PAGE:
Alec Baldwin, who was forced to leave an American Airlines flight for playing a game on his iPad Tuesday, has issued a statement about the situation.
In a piece written for the Huffington Post, Baldwin issued an apology to the passengers of the American Airlines flight that was delayed due to the actor.
“I would like to apologize to the other passengers onboard the American Airlines flight that I was thrown off of yesterday,” Baldwin said. “It was never my intention to inconvenience anyone with my ‘issue’ with a certain flight attendant.”
However, the “30 Rock” actor said he felt singled out when he was asked to put away his personal handheld device.
“While other people were still manipulating their own phones, this one employee singled me out to put my phone away. Afterward, we still sat at the gate,” Baldwin explained. “I pulled out my phone again, while others did the same. Again, I was singled out by this woman in the most unpleasant of tones.”
American Airlines, however, had released a statement before Baldwin’s piece appeared in the Huffington Post. They described the Baldwin’s erratic behavior when they followed procedure by asking him to turn off his technological device.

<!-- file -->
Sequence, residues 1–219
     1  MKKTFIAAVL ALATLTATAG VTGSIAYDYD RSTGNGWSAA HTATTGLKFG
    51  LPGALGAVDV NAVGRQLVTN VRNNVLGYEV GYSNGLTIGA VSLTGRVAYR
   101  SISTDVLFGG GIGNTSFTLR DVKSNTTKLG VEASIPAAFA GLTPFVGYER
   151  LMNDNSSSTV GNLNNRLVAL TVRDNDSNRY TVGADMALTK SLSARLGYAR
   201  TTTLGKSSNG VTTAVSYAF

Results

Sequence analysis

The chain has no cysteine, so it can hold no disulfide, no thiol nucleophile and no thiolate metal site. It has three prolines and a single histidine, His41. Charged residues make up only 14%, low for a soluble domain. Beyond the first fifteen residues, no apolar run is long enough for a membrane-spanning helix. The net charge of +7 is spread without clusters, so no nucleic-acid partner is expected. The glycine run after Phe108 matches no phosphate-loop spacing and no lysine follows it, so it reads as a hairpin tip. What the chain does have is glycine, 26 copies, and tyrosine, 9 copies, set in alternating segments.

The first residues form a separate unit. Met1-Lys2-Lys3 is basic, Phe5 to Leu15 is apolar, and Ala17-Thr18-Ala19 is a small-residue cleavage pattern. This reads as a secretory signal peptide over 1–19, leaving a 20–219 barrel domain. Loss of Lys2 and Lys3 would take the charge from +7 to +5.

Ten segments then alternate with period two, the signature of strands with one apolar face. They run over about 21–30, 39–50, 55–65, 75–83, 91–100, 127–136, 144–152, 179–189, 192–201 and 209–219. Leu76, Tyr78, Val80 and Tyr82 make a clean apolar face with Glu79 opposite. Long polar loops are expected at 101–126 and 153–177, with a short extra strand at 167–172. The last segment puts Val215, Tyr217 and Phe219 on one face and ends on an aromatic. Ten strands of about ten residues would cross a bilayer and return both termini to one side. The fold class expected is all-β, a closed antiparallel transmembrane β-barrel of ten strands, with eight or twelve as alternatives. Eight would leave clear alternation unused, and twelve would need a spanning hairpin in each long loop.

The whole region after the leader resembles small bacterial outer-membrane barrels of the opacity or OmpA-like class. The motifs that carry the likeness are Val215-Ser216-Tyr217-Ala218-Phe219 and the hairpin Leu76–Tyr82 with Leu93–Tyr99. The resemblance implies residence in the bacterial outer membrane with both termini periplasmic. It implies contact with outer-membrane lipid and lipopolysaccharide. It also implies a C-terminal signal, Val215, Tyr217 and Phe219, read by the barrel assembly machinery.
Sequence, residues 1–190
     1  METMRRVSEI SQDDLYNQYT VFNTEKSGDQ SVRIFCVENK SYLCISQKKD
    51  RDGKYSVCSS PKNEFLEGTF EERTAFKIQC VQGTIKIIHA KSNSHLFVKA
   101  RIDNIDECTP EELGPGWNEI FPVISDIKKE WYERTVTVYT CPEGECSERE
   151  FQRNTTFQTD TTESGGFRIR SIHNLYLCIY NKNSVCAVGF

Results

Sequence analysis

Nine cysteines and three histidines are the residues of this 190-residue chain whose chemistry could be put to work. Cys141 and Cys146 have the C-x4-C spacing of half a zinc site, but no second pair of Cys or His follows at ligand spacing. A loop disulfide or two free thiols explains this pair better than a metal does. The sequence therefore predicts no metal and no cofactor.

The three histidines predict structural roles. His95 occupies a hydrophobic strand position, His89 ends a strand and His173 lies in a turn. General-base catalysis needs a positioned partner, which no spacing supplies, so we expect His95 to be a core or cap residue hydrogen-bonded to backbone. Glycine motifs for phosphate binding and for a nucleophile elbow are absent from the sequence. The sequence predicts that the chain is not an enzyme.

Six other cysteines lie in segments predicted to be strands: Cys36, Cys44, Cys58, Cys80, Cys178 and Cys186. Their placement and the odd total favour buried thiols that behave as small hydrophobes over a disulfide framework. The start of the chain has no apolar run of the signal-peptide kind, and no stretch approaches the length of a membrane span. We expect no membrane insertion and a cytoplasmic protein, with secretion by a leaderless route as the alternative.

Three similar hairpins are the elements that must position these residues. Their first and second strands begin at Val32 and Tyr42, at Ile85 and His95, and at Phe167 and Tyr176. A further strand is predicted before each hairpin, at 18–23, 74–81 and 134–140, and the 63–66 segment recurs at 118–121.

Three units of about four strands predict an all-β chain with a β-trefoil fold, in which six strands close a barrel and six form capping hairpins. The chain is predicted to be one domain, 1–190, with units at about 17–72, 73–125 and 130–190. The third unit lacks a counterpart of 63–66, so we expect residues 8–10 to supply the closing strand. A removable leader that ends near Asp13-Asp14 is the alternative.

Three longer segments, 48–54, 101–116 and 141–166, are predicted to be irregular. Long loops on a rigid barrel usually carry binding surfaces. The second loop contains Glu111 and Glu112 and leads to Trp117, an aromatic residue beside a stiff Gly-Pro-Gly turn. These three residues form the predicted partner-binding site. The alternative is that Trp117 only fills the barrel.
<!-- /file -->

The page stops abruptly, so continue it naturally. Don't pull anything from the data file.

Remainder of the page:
“When the door is closed for departure and the seat belt light is turned on, all cell phones and electronic devices must be turned off for taxi-out and take-off. This passenger declined to turn off his cell phone when asked to do so at the appropriate time,” the statement on the American Airlines’ Facebook page read.
Adding, “The passenger ultimately stood up (with the seat belt light still on for departure) and took his phone into the plane’s lavatory. He slammed the lavatory door so hard, the cockpit crew heard it and became alarmed, even with the cockpit door closed and locked.”
Baldwin admitted that he was not on his best behavior.
“I guess the fact that this woman, who had decided to make some example of me, while everyone else was left undisturbed, did get the better of me,” the actor wrote.
After ranting about the situation on Twitter when the incident took place, Baldwin has since deleted the social networking account. Although he spoke about old-fashioned service and the airline industry in 911, the actor closed his Huffington Post letter with a lesson.
“The lesson I've learned is to keep my phone off when the 1950's gym teacher is on duty. That was my fault there, even though this trip was quite a bit different from so many others,” the actor wrote. “But it is sad, I think, that you've got to fly overseas today in order to bring back what has been thrown overboard by US carriers in terms of common sense, style, and service.”